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The Chinese Exclusion Act, passed on May 6, 1882, was the first major restriction placed on immigration in the U.S., and the only immigration law that explicitly barred a specific group from entering the country. The Exclusion Act forbade Chinese [...]
In this activity students read poems written by Chinese immigrants to understand the hopes of and challenges faced by Chinese immigrants during the late nineteenth and early twentieth century. Then students write an original poem about the Chinese [...]
Galicano Apacible, a Filipino nationalist, wrote the following letter opposing U.S. annexation of the Philippines. Apacible represented the Filipino Central Committee, a revolutionary group that supported independence from Spanish colonial [...]
This worksheet helps students analyze the political cartoon "Showing the Light to the Filipinos."
During the 1870s and 1880s, hundreds of petitions bearing the signatures of thousands of people flooded Congress, asking for a suffrage amendment. Local activists went door-to-door in their communities, gathering the signatures of sympathetic women [...]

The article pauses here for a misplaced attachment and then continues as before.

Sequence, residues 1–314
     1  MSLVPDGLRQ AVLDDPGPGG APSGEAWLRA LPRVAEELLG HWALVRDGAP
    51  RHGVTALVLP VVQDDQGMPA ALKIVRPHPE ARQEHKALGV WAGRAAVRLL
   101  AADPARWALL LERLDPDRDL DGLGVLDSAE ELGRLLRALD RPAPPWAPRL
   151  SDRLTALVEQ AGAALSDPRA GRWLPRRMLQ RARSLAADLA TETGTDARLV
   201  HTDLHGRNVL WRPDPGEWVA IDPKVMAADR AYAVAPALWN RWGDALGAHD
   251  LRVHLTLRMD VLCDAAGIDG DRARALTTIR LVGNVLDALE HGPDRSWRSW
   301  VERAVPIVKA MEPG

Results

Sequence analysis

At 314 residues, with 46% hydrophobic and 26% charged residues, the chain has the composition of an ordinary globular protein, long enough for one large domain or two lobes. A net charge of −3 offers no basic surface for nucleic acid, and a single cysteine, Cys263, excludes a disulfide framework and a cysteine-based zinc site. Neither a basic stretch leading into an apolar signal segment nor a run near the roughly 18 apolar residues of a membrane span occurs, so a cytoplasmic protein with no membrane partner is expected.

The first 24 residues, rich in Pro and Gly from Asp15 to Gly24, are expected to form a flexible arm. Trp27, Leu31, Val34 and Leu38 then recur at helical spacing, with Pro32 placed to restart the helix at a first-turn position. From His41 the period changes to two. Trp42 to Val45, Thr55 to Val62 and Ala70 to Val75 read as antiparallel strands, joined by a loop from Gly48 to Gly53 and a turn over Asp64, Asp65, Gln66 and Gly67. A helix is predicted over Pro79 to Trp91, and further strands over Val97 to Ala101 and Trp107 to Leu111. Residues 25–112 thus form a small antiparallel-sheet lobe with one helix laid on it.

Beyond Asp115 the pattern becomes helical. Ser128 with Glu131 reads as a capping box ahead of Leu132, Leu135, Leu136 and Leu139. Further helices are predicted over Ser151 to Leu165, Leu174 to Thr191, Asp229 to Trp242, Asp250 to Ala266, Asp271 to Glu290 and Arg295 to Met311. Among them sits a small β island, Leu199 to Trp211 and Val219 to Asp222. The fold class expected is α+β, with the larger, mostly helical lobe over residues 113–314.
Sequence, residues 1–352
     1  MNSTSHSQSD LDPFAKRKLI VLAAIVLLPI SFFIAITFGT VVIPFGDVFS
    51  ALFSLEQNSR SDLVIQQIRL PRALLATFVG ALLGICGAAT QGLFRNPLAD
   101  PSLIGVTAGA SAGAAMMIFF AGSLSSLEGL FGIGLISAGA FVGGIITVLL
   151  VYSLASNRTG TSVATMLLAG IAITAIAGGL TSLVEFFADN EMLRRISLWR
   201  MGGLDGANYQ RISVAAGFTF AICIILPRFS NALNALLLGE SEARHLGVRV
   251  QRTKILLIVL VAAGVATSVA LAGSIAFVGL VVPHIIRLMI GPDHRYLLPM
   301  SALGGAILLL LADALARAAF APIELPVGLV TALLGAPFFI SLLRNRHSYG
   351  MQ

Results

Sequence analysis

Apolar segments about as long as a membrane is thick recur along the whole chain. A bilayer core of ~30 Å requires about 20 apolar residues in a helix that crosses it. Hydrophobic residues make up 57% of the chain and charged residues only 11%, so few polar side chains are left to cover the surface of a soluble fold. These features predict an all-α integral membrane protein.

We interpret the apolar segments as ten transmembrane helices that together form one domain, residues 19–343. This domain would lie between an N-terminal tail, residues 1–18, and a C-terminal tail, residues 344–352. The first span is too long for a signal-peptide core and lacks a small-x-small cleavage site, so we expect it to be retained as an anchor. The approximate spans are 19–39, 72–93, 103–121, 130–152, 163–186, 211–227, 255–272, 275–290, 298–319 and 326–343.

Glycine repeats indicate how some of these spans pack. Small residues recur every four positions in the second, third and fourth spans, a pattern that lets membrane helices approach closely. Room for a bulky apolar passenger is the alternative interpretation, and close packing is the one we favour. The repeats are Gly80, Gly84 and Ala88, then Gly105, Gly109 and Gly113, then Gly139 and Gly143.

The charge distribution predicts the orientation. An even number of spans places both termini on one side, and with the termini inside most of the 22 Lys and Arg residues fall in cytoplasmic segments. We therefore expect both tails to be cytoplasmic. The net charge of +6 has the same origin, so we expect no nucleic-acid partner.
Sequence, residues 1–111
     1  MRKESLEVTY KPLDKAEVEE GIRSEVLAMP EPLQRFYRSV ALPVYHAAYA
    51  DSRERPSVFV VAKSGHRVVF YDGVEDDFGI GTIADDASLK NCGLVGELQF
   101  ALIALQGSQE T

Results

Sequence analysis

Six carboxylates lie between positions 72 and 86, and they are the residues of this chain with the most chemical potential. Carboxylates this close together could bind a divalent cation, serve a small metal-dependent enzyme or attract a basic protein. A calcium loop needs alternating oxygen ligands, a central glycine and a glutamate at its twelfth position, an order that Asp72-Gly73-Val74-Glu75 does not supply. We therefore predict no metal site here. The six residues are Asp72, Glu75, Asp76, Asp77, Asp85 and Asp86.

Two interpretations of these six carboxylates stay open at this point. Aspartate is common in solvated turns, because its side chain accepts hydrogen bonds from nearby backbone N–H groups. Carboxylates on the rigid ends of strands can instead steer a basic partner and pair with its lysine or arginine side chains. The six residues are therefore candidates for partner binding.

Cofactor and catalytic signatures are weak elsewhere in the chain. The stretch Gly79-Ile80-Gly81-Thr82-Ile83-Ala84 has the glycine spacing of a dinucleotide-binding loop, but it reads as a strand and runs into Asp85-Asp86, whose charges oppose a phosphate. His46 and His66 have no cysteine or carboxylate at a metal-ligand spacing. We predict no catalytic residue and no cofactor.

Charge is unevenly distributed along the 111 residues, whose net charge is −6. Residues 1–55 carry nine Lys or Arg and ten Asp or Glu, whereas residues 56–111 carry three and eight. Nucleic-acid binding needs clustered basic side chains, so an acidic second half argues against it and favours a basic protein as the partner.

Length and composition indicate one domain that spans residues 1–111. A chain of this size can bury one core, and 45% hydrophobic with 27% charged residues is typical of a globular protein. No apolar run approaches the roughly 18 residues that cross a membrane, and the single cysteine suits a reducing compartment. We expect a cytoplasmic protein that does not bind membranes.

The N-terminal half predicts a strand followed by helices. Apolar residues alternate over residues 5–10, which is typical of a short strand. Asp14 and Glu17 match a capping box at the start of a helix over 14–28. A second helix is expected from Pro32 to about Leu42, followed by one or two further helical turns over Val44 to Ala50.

Although early suffragists were not successful in passing a federal constitutional amendment to give women the right to vote, activists worked hard at the local and state levels throughout the late 19th and early 20th centuries. They formed local [...]
In this 1900 speech to Congress, the Republican Senator from Indiana, Albert J. Beveridge, strongly calls for the United States to annex the Philippines.
William Jennings Bryan was the Democratic party candidate for President in 1900. He opposed U.S. expansion into the Philippines and often criticized U.S. imperialism in his speeches during and after the 1900 campaign.
In 1896 Congress passed a bill which would require all immigrants to be able to read at least 40 words in any language in order to enter the country. The bill was supported by the Immigration Restriction League. They worried that the increasing [...]
The Wall Street Journal Argues for Immigration "Distribution, Not Prevention" (Short Version, with text supports)
This Wall St. Journal article acknowledges some of the problems that accompanied early-twentieth-century immigration—urban overcrowding, the strain on local resources, threats posed by foreign anarchists—but argues that immigrants should [...]